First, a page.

What I Learned From Parents Of Sick Children

No matter what you wish for as a parent, things will never go as planned.

Years before I became a parent or had even a serious partner and feasible co-parent, I decided my future child had to be a girl. I couldn’t envision myself cradling, bathing, and walking alongside anyone but the daughter I pictured in progressive detail.

I held onto my requirement for a good 10 years. I had a vague idea that when the moment of conception was near, I could put in my order, not unlike the ones I made in restaurants and coffee shops—and then gradually, once my daughter was here, help coax her into the person that I’d dreamt about. Like having my heart set on a perfect bowl of chocolate ice cream, my order would be guided by my history and a lot of presumptions about what would bring me joy and what I assumed could not.

As I edged closer to actual parenthood, I began hearing about others’ wishes.

Parents-to-be wanted calm babies; babies who didn’t fuss too much or wail too loudly. Champion sleeper babies. Perfectly healthy babies. Easy babies. Beautiful babies. Babies who were bright; brighter-than-average. As I became aware of these ideals, I added them to my growing list.

Then, when I was 32, a few years after marrying a wonderful man and feasible co-parent, I began an internship at a local children’s hospital. Soon, I was spending my days with seriously ill children, some of whom were dying. When I walked into those rooms, I had the sensation that I’d put on a heavy, invisible coat, one made of the lead dentists use during X-rays. I struggled to breathe under that weight and thought I might die of exhaustion if I had to wear it all the time. No heart could bear such pressure for too long.

But these parents weren’t dying. They were tending to their handsome 16-year-old sons who were on life support after an awful, sudden case of the flu. They were doing the impossible job of soothing their pale, moon-faced toddler in the midst of a bone marrow transplant, or helping prepare their child for an arm amputation first thing the next morning. Parents were showing up, day after day, night after night, living in the midst of a nightmare unfolding, painting the nails of their adolescent, whose lungs were failing from cystic fibrosis.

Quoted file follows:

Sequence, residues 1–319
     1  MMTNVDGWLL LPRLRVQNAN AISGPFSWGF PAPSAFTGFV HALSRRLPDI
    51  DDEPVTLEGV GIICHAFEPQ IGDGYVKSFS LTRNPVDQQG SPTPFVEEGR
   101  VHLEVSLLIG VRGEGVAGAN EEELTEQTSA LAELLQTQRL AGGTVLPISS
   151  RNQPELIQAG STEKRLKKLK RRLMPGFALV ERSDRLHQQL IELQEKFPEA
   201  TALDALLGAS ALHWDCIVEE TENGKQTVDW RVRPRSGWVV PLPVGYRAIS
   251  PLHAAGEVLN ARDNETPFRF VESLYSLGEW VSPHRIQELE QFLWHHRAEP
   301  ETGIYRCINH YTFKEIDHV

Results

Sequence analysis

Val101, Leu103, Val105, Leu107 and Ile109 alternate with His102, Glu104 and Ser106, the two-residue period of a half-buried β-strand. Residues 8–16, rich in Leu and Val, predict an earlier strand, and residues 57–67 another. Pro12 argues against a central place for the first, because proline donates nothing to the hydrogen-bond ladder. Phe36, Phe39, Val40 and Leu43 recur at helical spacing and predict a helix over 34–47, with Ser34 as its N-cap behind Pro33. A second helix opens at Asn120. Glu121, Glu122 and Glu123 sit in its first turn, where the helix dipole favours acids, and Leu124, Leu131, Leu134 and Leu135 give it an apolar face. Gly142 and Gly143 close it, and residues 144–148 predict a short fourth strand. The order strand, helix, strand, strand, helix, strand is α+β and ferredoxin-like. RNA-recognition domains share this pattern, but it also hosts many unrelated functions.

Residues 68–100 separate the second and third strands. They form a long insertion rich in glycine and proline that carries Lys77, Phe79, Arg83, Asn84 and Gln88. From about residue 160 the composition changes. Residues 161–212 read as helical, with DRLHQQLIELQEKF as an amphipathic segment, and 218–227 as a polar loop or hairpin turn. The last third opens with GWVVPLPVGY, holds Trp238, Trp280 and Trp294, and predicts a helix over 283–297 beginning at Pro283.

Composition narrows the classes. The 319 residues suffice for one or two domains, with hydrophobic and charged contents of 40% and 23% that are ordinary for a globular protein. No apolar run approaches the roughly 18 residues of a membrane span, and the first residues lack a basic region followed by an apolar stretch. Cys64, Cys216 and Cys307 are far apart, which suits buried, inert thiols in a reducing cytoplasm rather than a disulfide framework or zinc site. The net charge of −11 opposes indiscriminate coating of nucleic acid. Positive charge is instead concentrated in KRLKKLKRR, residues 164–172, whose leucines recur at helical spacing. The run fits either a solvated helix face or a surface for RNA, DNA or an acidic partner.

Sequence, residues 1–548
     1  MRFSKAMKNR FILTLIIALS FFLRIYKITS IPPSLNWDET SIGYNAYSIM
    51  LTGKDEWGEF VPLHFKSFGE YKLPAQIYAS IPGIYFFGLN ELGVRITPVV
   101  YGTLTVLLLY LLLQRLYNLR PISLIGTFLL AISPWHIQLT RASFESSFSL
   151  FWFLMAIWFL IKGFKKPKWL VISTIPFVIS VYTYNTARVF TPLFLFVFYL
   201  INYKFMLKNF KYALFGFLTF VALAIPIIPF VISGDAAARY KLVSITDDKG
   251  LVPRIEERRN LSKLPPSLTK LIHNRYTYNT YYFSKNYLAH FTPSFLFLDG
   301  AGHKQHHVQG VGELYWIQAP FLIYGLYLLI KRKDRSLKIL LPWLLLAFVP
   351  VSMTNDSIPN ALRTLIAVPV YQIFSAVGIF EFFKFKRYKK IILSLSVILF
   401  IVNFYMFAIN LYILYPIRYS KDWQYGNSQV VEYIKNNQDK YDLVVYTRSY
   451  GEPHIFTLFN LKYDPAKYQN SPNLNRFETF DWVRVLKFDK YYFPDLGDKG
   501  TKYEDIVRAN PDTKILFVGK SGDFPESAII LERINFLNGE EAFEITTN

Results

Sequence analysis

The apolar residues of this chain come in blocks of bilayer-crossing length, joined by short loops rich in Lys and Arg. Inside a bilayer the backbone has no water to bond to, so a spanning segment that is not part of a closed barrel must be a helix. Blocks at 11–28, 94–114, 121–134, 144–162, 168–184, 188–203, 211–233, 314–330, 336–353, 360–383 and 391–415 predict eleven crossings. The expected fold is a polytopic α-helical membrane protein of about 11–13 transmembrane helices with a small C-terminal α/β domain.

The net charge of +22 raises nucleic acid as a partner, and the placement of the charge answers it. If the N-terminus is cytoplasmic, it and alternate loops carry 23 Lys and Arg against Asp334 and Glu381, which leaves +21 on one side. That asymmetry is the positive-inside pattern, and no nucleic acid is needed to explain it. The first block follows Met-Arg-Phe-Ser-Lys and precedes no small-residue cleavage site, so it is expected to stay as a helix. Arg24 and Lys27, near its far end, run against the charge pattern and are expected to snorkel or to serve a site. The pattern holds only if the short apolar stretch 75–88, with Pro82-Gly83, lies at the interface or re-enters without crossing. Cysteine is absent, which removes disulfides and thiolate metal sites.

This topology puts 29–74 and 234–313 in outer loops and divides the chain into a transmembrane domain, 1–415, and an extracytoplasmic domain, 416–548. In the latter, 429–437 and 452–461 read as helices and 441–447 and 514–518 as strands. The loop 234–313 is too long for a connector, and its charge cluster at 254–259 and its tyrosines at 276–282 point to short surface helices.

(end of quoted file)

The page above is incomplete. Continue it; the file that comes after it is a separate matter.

Despite a rash of negative pregnancy tests around the start of my internship, my instincts told me that I was having a baby, and that it was a boy. The ultrasound that confirmed that it was a boy almost seemed like an unnecessary formality. Though ecstatic about my pregnancy, prior to starting my work at the hospital, I knew I would have been disappointed about carrying a boy, my picture of the future drifting away into some place I had never allowed myself to go. But after my internship was underway, my perceptions about parenting started to shift; I found an antidote to my long-held, fixed ideas in those hospital rooms and hallways.

There, I was a witness to a new kind of pain. The sources of it seemed to move out in all directions, blanketing the world like a snowy landscape: vast, with no corners. Illness, death, disfigurement, mental illness, addiction, learning disabilities, and every kind of delay and slow start were all possible. And there were the simple, everyday struggles, too—no parent lived in this world unscathed.

In a building where children in various states of suffering were stacked four flights high, there was no turning away from it: Parents’ wants and wishes—including for the most primal wish of all, health—had no bearing on the children they might have.

Suddenly, the word “vulnerable” seemed specifically created for parents of the world. The moment you decided to plunge in, you effectively surrendered: expectations, control, life as you knew it. My dream of a perfect baby girl receded as I willed myself to acknowledge the full range of what might be. My husband Andy and I culled through the documentary section of our local library, seeking clues about how parents of children with rare life-limiting genetic disorders, Down Syndrome, and profound mental illness learned to live each day.

I started seeing my own fixed desires for my someday child for what they really had been: a means of self-protection. Give me a daughter, I thought, and I’ll be safeguarded from the hard parts of my own family story. Infuse that daughter with creativity, and I’ll know what to do. Spare me from the unimaginable pain of her being ill, or disabled, and I can handle anything else. 

The parents in the hospital were at various points along the continuum of Things Not Going As Planned, but some were on the least desirable end of that line. And yet, facing futures that most would consider worst case scenarios, many expressed gratitude for their children and their journeys together, even in states of total exhaustion, even in moments of staggering emotional pain.

Before meeting those people, I’d grown comfortable with a narrow vision of my future. I had been naive to how vulnerable parenting would make me, and how life, ever after, would be about adapting: to how much love I would feel, to heartache, to all that I never could have predicted. My new, singular wish for my child was as wide as it could be—to try, mightily, to grow to meet him.

Addie Hahn parents, writes and grows an abundance of kale and peonies in Portland, Oregon. She holds a B.A. in English and certification in Child Life.

Related Links:

Posted in Family and , ,